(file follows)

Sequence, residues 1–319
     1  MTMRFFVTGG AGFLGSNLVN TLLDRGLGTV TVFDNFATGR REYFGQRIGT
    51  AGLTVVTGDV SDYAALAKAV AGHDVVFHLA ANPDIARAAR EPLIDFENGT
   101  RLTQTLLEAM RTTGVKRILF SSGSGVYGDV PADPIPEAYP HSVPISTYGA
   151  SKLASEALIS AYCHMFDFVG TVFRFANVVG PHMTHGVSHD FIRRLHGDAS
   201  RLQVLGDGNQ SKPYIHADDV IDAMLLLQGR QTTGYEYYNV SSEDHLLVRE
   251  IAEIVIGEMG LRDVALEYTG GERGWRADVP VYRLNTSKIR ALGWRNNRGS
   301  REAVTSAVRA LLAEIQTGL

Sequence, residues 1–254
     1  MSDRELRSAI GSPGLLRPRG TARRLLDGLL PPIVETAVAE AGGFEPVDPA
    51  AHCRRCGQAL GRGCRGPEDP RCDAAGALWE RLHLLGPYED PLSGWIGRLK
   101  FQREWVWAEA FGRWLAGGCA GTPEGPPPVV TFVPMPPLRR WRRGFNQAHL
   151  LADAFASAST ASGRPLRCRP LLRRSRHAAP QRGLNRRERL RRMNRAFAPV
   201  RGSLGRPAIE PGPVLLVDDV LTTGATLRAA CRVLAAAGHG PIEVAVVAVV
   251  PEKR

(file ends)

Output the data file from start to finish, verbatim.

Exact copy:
Sequence, residues 1–319
     1  MTMRFFVTGG AGFLGSNLVN TLLDRGLGTV TVFDNFATGR REYFGQRIGT
    51  AGLTVVTGDV SDYAALAKAV AGHDVVFHLA ANPDIARAAR EPLIDFENGT
   101  RLTQTLLEAM RTTGVKRILF SSGSGVYGDV PADPIPEAYP HSVPISTYGA
   151  SKLASEALIS AYCHMFDFVG TVFRFANVVG PHMTHGVSHD FIRRLHGDAS
   201  RLQVLGDGNQ SKPYIHADDV IDAMLLLQGR QTTGYEYYNV SSEDHLLVRE
   251  IAEIVIGEMG LRDVALEYTG GERGWRADVP VYRLNTSKIR ALGWRNNRGS
   301  REAVTSAVRA LLAEIQTGL

Sequence, residues 1–254
     1  MSDRELRSAI GSPGLLRPRG TARRLLDGLL PPIVETAVAE AGGFEPVDPA
    51  AHCRRCGQAL GRGCRGPEDP RCDAAGALWE RLHLLGPYED PLSGWIGRLK
   101  FQREWVWAEA FGRWLAGGCA GTPEGPPPVV TFVPMPPLRR WRRGFNQAHL
   151  LADAFASAST ASGRPLRCRP LLRRSRHAAP QRGLNRRERL RRMNRAFAPV
   201  RGSLGRPAIE PGPVLLVDDV LTTGATLRAA CRVLAAAGHG PIEVAVVAVV
   251  PEKR